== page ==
|Gold Key Comics|
|Country of origin||United States|
|Headquarters location||Poughkeepsie, New York|
|Publication types||Comic books|
Gold Key Comics was created in 1962, when its parent company Western Publishing switched to in-house publishing rather than packaging content for branding and distribution by its business partner, Dell Comics. Hoping to make their comics more like traditional children's books, they initially eliminated panel line-borders, using just the panel, with its ink and artwork evenly edged but not bordered by a "container" line. Within a year they had reverted to using inked panel borders and oval balloons. They experimented with new formats, including Whitman Comic Book, a black-and-white 136 page hardcover series containing reprints and Golden Picture Story Book, a tabloid-sized 52-page hardcover containing new material. In 1967, Gold Key reprinted a number of selected issues of their comics under the title Top Comics which were sold in plastic bags containing five comics at gas stations and various eateries. Like Dell, Gold Key was one of the few major American publishers of comic books never to display the Comics Code Authority seal on its covers.
Gold Key featured a number of licensed properties and several original titles, including a number of publications that spun off from Dell's Four Color series, or were published as standalones by Dell. It maintained decent sales numbers throughout the 1960s, thanks to its offering of many titles based upon popular TV series of the day, as well as numerous titles based upon both Walt Disney Studios and Warner Bros. animated properties. It was also the first company to publish comic books based upon Star Trek. While some titles, such as Star Trek and The Twilight Zone, were published for many years, many other licensed titles were characterized by short runs, sometimes publishing no more than one or two issues. Gold Key considered suing over the similarly themed television series Lost in Space for its resemblance to the preexisting Space Family Robinson but decided their business relationship with CBS and Irwin Allen was more important than any monetary reward resulting from such a suit; as a result, the Gold Key series adopted the branding Space Family Robinson Lost in Space with issue #15 (Jan. 1966), even though narratively it had no connection to the TV series.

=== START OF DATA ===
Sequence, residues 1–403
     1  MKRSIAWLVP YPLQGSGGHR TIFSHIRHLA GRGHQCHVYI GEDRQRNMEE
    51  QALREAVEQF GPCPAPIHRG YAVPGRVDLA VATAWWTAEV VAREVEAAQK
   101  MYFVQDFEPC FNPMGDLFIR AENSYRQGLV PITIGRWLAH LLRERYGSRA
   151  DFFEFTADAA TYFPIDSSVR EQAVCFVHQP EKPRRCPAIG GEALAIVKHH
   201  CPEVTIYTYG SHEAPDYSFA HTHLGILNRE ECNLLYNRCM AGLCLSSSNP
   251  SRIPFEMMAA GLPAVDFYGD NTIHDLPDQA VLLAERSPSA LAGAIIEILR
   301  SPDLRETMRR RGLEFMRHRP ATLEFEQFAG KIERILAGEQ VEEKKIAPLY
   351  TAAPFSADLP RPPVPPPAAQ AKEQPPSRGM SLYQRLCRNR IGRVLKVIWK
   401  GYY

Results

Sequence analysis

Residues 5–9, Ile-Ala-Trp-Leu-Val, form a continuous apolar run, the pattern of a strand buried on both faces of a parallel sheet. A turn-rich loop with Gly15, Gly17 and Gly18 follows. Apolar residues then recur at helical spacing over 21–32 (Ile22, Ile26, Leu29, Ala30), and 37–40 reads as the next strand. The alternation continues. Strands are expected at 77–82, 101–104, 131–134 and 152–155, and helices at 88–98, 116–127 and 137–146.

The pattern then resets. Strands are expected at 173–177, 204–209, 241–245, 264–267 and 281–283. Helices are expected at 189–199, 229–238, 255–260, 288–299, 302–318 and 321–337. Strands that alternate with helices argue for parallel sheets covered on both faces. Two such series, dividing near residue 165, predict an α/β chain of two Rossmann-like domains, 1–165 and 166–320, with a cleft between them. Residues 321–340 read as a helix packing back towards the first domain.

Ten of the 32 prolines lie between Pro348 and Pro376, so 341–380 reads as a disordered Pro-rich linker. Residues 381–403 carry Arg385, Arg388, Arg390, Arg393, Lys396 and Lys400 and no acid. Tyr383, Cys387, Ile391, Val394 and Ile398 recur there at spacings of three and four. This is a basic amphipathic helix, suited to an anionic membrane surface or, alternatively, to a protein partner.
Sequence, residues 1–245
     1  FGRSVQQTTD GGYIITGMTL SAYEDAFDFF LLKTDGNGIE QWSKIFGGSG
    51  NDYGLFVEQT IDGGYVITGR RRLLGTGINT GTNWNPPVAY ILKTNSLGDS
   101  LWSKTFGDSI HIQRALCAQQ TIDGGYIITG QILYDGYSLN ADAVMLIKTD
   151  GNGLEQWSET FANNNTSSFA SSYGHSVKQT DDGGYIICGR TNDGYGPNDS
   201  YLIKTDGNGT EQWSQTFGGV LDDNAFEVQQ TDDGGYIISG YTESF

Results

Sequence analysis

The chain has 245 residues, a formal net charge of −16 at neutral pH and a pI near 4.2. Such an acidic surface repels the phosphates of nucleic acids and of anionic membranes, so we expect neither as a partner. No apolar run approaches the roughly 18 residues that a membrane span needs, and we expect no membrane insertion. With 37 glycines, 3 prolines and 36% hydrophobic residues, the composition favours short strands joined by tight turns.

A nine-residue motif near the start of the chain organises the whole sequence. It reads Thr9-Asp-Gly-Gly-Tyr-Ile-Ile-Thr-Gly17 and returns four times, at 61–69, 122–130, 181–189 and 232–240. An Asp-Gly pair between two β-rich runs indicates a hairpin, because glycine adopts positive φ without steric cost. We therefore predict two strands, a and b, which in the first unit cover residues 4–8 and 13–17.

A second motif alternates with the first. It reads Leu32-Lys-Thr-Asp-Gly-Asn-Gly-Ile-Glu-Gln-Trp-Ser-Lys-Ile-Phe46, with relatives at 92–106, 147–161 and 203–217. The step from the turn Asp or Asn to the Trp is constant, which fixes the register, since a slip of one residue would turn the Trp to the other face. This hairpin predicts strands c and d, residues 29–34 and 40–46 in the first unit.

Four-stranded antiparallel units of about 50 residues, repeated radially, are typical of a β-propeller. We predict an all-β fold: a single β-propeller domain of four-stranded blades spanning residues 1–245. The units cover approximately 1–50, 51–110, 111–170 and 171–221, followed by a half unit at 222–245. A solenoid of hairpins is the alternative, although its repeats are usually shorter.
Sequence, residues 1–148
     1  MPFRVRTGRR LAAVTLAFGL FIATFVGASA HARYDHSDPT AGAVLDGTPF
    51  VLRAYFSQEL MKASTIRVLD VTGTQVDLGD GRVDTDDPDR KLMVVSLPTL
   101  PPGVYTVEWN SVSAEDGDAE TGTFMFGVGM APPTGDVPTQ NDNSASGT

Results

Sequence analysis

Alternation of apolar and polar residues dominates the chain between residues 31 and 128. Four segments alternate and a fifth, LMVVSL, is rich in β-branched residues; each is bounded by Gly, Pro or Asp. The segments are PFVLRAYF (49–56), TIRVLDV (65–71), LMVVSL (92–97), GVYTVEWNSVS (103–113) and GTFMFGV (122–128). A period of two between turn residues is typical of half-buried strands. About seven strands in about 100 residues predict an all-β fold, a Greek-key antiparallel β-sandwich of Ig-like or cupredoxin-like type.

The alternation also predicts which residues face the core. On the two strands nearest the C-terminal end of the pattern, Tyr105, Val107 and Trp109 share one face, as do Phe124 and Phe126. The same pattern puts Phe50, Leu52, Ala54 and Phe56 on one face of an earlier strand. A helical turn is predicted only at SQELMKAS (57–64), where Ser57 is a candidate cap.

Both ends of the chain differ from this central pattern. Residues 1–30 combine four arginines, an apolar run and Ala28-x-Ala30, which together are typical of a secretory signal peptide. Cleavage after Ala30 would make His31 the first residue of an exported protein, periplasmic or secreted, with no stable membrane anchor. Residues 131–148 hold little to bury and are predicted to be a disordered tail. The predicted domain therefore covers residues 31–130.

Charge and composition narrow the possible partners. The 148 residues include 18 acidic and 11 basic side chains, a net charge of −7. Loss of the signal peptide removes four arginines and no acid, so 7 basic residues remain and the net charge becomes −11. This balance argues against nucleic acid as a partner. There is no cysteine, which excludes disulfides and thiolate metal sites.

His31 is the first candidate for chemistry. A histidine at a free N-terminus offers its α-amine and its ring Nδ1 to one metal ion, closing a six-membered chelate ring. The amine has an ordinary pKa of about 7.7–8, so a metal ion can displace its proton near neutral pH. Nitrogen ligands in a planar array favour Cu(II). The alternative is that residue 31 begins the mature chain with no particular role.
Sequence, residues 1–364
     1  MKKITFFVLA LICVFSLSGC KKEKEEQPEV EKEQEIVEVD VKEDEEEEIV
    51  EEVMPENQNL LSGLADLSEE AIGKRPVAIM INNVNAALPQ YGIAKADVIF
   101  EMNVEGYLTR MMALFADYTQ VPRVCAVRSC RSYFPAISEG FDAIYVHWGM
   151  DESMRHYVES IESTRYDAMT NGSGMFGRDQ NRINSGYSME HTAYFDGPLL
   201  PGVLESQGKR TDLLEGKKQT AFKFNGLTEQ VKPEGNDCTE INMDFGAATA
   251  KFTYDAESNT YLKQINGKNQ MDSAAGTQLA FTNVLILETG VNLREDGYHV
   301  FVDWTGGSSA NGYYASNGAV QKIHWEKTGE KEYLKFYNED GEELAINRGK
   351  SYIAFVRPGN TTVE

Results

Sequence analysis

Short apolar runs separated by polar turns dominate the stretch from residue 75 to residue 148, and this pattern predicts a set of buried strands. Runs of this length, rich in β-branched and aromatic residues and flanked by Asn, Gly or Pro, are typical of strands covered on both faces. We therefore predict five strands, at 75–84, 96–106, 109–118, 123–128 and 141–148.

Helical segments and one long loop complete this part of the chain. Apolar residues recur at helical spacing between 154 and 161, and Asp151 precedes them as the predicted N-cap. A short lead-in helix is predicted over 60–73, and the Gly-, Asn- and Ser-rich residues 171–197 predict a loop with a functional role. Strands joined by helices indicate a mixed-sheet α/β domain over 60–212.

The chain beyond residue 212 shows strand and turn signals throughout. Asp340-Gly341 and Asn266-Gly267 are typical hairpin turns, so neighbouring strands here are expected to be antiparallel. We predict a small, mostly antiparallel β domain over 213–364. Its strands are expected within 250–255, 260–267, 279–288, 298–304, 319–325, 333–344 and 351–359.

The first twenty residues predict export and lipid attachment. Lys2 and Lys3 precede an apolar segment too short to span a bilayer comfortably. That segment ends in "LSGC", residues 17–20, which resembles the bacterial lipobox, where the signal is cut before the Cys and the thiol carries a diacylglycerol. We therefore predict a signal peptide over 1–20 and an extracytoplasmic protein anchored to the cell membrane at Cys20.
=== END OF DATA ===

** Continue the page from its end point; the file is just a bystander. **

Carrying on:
Editor Chase Craig stated that Gold Key would launch titles with Hanna-Barbera characters with direct adaptations of episodes of the program because "[t]he studio had approval rights and the people there could get pointlessly picky about the material... but they rarely bothered looking at any issue after the first few. Therefore, it simplified the procedure to do the first issue as an adaptation and maybe the second. They couldn't very well complain that a plot taken from the show was inappropriate".